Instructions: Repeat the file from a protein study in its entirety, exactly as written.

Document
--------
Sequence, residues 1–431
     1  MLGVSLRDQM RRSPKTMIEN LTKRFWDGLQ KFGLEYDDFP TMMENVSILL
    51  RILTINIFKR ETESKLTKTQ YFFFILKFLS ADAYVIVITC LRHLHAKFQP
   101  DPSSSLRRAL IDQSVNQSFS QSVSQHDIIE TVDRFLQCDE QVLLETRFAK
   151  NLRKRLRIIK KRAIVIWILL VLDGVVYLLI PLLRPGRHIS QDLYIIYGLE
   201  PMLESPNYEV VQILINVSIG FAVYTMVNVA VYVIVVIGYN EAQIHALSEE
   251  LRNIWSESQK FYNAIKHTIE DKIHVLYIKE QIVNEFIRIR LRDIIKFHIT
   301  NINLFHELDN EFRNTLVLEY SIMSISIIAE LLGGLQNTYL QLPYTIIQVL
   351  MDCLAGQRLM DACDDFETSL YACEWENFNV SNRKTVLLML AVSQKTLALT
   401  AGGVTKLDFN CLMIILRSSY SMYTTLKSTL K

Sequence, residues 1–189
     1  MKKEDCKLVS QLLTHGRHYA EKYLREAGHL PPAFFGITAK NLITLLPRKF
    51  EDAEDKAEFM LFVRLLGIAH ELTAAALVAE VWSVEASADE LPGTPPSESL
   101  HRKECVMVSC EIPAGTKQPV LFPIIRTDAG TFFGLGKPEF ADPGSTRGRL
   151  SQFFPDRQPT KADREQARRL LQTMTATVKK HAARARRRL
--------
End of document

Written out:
Sequence, residues 1–431
     1  MLGVSLRDQM RRSPKTMIEN LTKRFWDGLQ KFGLEYDDFP TMMENVSILL
    51  RILTINIFKR ETESKLTKTQ YFFFILKFLS ADAYVIVITC LRHLHAKFQP
   101  DPSSSLRRAL IDQSVNQSFS QSVSQHDIIE TVDRFLQCDE QVLLETRFAK
   151  NLRKRLRIIK KRAIVIWILL VLDGVVYLLI PLLRPGRHIS QDLYIIYGLE
   201  PMLESPNYEV VQILINVSIG FAVYTMVNVA VYVIVVIGYN EAQIHALSEE
   251  LRNIWSESQK FYNAIKHTIE DKIHVLYIKE QIVNEFIRIR LRDIIKFHIT
   301  NINLFHELDN EFRNTLVLEY SIMSISIIAE LLGGLQNTYL QLPYTIIQVL
   351  MDCLAGQRLM DACDDFETSL YACEWENFNV SNRKTVLLML AVSQKTLALT
   401  AGGVTKLDFN CLMIILRSSY SMYTTLKSTL K

Sequence, residues 1–189
     1  MKKEDCKLVS QLLTHGRHYA EKYLREAGHL PPAFFGITAK NLITLLPRKF
    51  EDAEDKAEFM LFVRLLGIAH ELTAAALVAE VWSVEASADE LPGTPPSESL
   101  HRKECVMVSC EIPAGTKQPV LFPIIRTDAG TFFGLGKPEF ADPGSTRGRL
   151  SQFFPDRQPT KADREQARRL LQTMTATVKK HAARARRRL